Do you want the media to be controlled by a few huge companies?  The future of media could be up to you.  Urge Senators Mike DeWine and George Voinovich to co-sponsor S.1046, a bill to overturn the FCC's new media ownership rules. Senators DeWine and Voinovich are part of a small number of Senators whose support is needed to ensure the passage of this important legislation in the Senate.

The new Federal Communications Commission (FCC) rules will allow one company to own a daily newspaper, as many as three television stations, and up to eight radio stations in some markets in Ohio.  This benefits the media giants at your expense.

We need your help.

1. Please sign the Ohio petition to encourage Senators DeWine and Voinovich to support the roll back of FCC rules that benefit only big media companies and negatively impact the diversity of voices in our democracy.  Click here:

2. Please forward this message to people in your community and help make this word-of-mouth campaign a success.  Click here:

Background on Media Ownership in Ohio

In 1996, the FCC lifted the ownership cap for radio stations and a selling spree of locally owned stations ensued.  Presently, the Ohio commercial radio market is dominated by Texas-based Clear Channel, California-based Disney Co., and New York-based Viacom, Inc.

The FCC's new rules will permit a few media giants to buy up more local television stations. If these out-of-state companies invade Ohio and buy up television stations like they did with radio stations, local news and programming will be greatly diminished.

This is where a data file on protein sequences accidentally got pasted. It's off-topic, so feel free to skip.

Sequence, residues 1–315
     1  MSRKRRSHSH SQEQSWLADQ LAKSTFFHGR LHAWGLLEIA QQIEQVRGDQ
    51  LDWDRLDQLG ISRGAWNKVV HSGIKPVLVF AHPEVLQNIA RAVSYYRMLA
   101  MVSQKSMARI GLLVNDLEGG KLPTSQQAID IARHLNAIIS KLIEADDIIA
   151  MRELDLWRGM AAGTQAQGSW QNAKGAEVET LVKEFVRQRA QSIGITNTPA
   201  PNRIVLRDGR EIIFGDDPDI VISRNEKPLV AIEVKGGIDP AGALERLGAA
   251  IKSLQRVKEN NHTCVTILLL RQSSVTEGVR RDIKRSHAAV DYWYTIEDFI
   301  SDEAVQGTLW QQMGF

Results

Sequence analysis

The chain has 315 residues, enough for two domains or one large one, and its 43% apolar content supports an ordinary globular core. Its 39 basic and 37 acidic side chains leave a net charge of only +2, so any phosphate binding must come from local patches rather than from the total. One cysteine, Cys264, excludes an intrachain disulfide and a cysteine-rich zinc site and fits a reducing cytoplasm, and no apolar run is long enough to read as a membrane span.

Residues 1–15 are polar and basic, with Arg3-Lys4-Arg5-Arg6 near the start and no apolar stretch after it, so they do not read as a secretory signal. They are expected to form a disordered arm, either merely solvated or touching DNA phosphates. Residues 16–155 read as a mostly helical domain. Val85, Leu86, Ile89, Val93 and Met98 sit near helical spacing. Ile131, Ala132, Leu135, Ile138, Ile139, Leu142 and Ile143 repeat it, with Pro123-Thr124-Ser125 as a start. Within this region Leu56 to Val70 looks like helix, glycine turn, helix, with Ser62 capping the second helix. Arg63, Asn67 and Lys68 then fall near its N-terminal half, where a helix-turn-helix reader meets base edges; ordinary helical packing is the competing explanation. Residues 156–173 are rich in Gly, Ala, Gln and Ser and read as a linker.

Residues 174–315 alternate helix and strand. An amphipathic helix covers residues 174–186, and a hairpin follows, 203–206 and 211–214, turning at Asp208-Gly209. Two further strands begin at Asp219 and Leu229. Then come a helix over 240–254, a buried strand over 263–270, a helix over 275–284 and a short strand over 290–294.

Akron Beacon Journal reporter R.D. Heldenfels notes, "If a few companies control a large part of the media landscape, then their attitudes will prevail and other voices will be shut out. You can already see how that works in a couple of situations locally. One, which I mentioned in Monday's article, is the joint ownership of Cleveland TV stations WOIO (Channel 19) and WUAB (Channel 43). They are programmed somewhat differently -- Channel 19 is affiliated with CBS, and Channel 43 with UPN -- but their newscasts are interchangeable."

Ohio currently has 42 commercial television broadcast stations. The new FCC rules would allow one company to own 13, or 30% of the total, by having two stations in Cleveland, two in Cincinnati, two in Columbus, two in Dayton, two in Toledo, one in Lima, one in Youngstown, and one in Zanesville.

Or, the company could take advantage of the new rules allowing single entities to own television stations and daily newspapers in a single market. It could adjust its holdings to having two stations in Cleveland, two in Cincinnati, one station each in Columbus, Dayton, Toledo, Lima, Zanesville, and Youngstown, and daily newspapers in Cleveland, Cincinnati, Columbus, Dayton, Toledo, and Youngstown.

While 42 commercial stations sound like a lot, stations can be quickly swallowed up by large media companies, leaving almost no room for independent stations. Three companies combined could own six stations in Cleveland, four in Cincinnati, five in Columbus, five in Dayton, four in Toledo, three in Lima, three in Youngstown, and the one in Zanesville, leaving only 11 of the 42 left for smaller owners. Additionally, these three companies could own major daily newspapers in all of these cities except Lima and Zanesville.

It may come down to Senator DeWine's vote on whether the big media corporations win the fight to control the airwaves.  The big media groups have spent $124 million on political contributions and lobbying in Washington since 1995.  Don't let the big media companies win this fight. Join the growing public outcry over the new rules and voice your support for S. 1046.

Forward this message on to people in your community and help make this word-of-mouth campaign a success.  Click here: